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Survey results discussed at CTAP meeting

At the second of four planned Community Technical Assistance Program (CTAP) meetings in southern Broadwater County, WGM Group and Montana Department of Commerce (DOC) officials discussed last week the results from a recent survey and feedback on land use maps.

Broadwater County has received a CTAP grant from the DOC, which partnered with the WGM Group to facilitate the meetings and planning. As part of the process, possible addendums could be added to the county growth policy and address needs and visions through public engagement and feedback in the northern and southern ends of the county.

WGM Senior Land Planner Jamie Erbacher said Broadwater County needs to work to establish a vision in the south area. She added the county has been experiencing a bunch of growth since 2020, and they are seeing people coming in from out of state or out of county. Erbacher noted the focus of the CTAP grant will be to develop a sub-area plan and to see where residents do not want growth to happen, as well as a potential Professional Engineering Report for water issues.

Erbacher told the audience the objective of a sub-area plan is to provide guidance for the governing body, and it would be an amendment to the growth policy, not a regulatory document.

When discussing the results from surveys and feedback on maps, Erbacher listed six key takeaways from the input: communication and transparency with government, emergency services and schools, infrastructure, water quality and quantity, agriculture, and quality of life. Erbacher said they know water issues are a concern in the county's southern end, and they will include a recommendation for future studies and potential grant opportunities.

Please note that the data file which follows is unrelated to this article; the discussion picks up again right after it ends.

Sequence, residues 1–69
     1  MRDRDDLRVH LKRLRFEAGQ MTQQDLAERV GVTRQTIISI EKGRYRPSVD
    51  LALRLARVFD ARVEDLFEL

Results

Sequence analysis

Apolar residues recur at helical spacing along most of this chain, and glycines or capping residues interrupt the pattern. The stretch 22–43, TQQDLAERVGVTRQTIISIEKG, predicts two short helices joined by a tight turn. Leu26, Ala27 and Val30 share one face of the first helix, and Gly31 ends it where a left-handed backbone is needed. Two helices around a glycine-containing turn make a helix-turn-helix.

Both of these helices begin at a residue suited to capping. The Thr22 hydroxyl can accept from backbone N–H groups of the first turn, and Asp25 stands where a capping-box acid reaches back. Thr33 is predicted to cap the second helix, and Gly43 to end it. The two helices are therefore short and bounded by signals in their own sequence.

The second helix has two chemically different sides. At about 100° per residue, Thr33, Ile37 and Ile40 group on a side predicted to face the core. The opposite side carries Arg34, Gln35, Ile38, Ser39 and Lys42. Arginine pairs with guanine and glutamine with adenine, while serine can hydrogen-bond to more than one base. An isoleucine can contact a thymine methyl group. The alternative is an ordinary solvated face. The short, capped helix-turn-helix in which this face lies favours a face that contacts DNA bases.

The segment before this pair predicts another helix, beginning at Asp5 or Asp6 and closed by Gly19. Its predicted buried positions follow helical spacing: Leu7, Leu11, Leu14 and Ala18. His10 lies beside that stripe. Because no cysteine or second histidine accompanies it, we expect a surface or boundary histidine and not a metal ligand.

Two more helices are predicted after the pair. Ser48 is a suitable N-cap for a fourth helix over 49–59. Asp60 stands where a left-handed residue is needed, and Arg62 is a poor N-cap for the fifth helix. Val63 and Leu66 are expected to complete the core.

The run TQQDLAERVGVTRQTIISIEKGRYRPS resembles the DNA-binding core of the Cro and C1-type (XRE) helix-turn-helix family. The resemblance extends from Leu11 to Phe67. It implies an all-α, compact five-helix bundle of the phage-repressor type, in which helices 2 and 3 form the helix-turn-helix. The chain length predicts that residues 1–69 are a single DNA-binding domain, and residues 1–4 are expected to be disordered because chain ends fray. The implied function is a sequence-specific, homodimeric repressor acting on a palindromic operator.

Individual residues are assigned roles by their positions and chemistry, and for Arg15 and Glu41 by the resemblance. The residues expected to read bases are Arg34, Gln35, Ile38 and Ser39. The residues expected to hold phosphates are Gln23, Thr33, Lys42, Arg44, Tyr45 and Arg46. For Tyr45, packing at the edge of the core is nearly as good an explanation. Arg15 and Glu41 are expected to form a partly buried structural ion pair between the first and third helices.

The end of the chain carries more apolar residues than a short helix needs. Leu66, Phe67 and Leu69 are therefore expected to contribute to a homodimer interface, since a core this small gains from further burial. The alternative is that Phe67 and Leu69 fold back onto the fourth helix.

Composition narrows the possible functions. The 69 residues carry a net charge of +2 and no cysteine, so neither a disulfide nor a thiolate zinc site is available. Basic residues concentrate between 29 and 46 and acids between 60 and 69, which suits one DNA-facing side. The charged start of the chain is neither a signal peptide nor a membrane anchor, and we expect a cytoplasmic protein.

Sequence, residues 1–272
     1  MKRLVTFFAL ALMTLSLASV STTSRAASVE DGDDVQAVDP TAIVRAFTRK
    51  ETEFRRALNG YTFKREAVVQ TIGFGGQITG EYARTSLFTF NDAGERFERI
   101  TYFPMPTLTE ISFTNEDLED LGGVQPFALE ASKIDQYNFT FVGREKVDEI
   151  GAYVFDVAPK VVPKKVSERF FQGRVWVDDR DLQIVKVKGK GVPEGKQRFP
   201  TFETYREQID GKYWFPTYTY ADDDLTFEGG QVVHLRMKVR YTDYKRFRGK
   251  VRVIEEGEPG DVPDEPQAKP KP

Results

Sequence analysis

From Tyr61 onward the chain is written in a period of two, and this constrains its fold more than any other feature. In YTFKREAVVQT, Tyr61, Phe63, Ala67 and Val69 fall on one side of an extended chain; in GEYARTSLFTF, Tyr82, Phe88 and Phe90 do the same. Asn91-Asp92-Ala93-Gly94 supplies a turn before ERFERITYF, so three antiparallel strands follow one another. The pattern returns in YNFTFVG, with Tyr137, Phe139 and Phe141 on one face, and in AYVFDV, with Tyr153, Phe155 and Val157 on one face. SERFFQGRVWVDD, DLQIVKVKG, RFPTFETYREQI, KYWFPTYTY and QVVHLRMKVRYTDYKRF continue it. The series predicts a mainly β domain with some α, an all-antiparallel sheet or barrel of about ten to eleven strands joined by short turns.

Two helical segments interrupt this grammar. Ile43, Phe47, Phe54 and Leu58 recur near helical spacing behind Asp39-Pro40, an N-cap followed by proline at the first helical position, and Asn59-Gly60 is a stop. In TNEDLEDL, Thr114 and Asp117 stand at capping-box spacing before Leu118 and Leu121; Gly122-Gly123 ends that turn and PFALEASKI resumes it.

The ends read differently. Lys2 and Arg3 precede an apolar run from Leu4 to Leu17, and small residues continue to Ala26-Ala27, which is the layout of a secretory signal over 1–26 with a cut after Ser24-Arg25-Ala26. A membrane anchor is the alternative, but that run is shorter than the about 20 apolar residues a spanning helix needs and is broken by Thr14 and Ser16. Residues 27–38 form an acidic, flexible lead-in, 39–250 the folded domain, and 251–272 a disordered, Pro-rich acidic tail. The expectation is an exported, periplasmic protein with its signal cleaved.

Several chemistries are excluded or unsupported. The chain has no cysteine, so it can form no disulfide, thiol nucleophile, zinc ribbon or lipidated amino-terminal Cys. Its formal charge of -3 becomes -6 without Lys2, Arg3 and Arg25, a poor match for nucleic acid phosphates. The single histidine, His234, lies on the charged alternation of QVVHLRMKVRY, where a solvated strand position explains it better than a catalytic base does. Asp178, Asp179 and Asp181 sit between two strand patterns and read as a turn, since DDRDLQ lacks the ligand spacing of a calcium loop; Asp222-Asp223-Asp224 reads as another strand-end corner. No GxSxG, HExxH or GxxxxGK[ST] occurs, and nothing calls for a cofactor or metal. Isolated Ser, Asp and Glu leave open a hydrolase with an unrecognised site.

Erbacher told those in attendance that the four main concerning trends from the resident's feedback were environmental degradation, water quality decline, increased traffic congestion, and suburban sprawl.

She added the trends with the most support were natural resources preservation, transportation planning, and local government collaboration. Erbacher said preserving agriculture and water resources is definitely a big topic in Broadwater County and asked residents where they do and do not want to see development happen.

DOC Community Planning Program Manager Cody Ferguson shared several future potential funding sources, including Community Development Block Grants (CBDG), Montana Coal Endowment Program, RAISE Grants, Rural Surface Transportation Grants, Renewable Resource Grant and Loan Program, and the State Revolving Fund.

Other funding sources discussed by Ferguson included impact fees, general obligation bonds, special improvement districts, and public/private partnerships.

Gus Byrom, Senior Land Use Planner for the DOC, said the agency has gone into communities to see what the problem is and try to put together an affordable grant and loan package.

According to Byrom, if a water or sewer district was created in the county's southern end, it would become a public entity, opening the door to receive taxpayer funds.

Byrom said the southern end needs engineering studies, which will put options on the table, including doing nothing.

"You are at an incredible time in the history of this county looking at the growth that's occurred and working to articulate your vision," he said.

Two more CTAP meetings are scheduled in the southern end of Broadwater County. The next meeting on Wednesday, November 8, will be an in-depth discussion on water rights and availability. The final meeting scheduled for Wednesday, December 6, will review the proposed future land use map and collect final comments from residents.

Additional information can also be found on the following county website pages: program-interactive-map-and-survey

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